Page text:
Live Review

Klaxons, Bowery Ballroom, NYC

Despite the ups and downs of the show, Klaxons are capable of great showmanship.

When the Klaxons come out, they come out swinging. It’s odd to use a sports metaphor to describe a band that walks the line between dance music and rock and roll while spouting sci-fi references, but the old adage seems true.

The moment the band take the stage the strobe lights erupts and the bass begins to jump. One can almost feel the anticipation peak, sparkle, and crack through the air. Yet, as ‘Flashover’ passes the three-minute mark an unidentifiable emptiness seems to hover between the band and the crowd. Klaxons are still willing to start a dance party but their fan’s enthusiasm stumbles.

The disconnect between performer and audience seems to be a question of familiarity for as the second song begins, the people begin to literally jump for joy. ‘As Above So Below’ drops much of the doom of the first, reigns in the strobes, and replaces a martial beat with something more akin to disco.

‘Gravity’s Rainbow’ destroys most of the remaining reticence held by slow to warm attendees. With the “come with me, come with me” refrain that could be grabbed from any pop song from the past, almost petulant insistence, and a thoroughly sticky melody, the song couldn’t be denied as crowd favorite of the evening.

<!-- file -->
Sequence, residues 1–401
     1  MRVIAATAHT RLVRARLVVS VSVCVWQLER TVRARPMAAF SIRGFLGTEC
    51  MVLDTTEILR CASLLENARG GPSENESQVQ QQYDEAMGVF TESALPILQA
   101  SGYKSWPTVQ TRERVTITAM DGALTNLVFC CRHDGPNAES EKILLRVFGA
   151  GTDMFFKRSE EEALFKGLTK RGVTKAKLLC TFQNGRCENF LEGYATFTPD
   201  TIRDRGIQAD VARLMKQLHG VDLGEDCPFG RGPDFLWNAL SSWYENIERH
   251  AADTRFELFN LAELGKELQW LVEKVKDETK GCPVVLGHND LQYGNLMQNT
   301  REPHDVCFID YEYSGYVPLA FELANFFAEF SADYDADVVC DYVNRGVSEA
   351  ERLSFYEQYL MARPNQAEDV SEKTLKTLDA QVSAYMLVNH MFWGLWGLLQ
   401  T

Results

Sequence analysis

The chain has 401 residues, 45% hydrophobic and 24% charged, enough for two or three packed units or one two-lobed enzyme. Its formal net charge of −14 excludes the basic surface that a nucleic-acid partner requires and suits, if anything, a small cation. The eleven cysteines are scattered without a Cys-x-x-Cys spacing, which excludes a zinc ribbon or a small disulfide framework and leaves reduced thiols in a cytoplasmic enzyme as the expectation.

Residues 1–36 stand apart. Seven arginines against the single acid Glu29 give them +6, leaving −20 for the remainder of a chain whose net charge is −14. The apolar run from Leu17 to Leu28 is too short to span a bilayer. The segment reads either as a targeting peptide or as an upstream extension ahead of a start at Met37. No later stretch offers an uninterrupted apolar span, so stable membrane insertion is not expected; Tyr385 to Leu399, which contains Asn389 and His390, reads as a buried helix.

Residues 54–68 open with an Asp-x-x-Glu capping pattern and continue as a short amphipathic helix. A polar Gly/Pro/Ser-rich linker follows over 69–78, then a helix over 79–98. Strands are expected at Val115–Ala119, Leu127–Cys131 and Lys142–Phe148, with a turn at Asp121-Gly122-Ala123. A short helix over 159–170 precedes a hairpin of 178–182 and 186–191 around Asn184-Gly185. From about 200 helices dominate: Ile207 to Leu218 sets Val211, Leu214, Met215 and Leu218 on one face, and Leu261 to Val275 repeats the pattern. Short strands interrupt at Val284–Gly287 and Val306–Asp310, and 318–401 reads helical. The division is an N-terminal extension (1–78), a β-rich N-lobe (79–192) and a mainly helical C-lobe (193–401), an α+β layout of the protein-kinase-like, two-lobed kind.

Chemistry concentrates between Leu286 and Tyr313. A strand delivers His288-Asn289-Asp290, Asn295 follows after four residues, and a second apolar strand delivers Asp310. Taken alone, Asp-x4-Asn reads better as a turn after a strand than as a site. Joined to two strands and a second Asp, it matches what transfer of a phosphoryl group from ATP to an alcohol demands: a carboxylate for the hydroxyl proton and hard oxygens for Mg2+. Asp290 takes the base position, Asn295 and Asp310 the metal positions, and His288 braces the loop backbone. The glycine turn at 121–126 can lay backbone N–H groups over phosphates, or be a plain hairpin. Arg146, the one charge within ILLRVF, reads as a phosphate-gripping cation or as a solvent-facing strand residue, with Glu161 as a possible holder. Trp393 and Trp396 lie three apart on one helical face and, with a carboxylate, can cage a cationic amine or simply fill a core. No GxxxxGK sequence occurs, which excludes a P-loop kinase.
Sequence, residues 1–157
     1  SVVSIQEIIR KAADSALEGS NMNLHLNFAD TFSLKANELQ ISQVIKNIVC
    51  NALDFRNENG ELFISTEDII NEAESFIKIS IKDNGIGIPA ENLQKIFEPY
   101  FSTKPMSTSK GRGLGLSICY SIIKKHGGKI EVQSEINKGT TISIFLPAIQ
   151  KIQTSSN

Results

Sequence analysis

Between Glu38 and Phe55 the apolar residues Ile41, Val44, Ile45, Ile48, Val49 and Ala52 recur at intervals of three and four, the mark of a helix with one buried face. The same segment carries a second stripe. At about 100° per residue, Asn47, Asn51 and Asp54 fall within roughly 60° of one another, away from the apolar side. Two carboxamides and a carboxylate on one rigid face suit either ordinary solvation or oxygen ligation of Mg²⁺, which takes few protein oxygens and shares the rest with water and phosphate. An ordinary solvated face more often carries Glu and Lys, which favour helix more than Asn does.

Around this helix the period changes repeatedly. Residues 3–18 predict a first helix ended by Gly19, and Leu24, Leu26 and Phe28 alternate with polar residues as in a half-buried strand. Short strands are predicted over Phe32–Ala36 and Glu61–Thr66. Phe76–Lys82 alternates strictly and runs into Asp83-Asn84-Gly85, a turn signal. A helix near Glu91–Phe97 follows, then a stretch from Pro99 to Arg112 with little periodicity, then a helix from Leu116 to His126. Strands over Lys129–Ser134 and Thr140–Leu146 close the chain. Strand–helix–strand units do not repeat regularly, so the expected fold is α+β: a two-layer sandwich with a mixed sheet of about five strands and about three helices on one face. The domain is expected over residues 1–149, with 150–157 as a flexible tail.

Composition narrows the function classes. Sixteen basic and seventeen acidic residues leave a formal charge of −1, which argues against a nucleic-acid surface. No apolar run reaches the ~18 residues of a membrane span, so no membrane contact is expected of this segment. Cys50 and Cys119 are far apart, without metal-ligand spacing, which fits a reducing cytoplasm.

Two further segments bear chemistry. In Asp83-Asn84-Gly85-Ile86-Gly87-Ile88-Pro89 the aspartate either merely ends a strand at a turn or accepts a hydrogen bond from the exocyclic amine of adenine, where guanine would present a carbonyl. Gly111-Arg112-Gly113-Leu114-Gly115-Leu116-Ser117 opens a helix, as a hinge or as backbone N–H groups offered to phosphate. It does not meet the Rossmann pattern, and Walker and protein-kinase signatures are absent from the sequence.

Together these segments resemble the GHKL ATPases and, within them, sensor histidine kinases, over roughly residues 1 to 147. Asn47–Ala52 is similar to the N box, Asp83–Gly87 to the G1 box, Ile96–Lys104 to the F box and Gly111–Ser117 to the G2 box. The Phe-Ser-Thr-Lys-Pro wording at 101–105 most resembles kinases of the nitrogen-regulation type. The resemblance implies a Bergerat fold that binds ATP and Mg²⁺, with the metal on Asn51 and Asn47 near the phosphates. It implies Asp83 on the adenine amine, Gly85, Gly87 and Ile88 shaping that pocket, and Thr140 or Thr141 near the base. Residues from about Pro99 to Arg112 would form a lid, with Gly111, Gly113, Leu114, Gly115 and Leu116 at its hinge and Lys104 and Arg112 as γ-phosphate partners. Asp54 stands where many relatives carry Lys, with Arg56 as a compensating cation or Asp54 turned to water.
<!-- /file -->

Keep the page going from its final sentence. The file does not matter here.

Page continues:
The next song of the set begins to stray further from the dance floor and closer to a more abrasive tonality. Though it’s hard to begrudge a band their science fiction interests, Klaxon’s songs are stronger when they used their JG Ballard interests as a foil for their outright pop sensibilities, not as the foundation of their songs.

After ‘Venusia’ (darker) and ‘Golden Skans’ (dancier), and in the middle of ‘Twin Flames’ the lighting technician at Bowery Ballroom commits a fatal mistake. He damn near turns on the lights. By dropping the multi-colored lights and disco ball effects, and bathing the entire room in yellow, Klaxons were brought into the sunlight - a place no true science fiction fan belongs. The sudden influx of warm light is a poor fit for Klaxons’ music no matter the song.

However, the band recover wonderfully on the following song. With a verse-chorus song structure building to a bridge ready to blow the roof of the ballroom, they play the audience perfectly. After the second verse-chorus round, just as the audience is ready to break out, the band came to a dead stop - silence and blackness reigns. Instead of losing the audience, the interruption just builds the tension until releasing into an incredibly blown out bridge. The delayed gratification and splendid payoff show that despite the ups and downs of the show, Klaxons are capable of great showmanship.

Tags: Klaxons, Features

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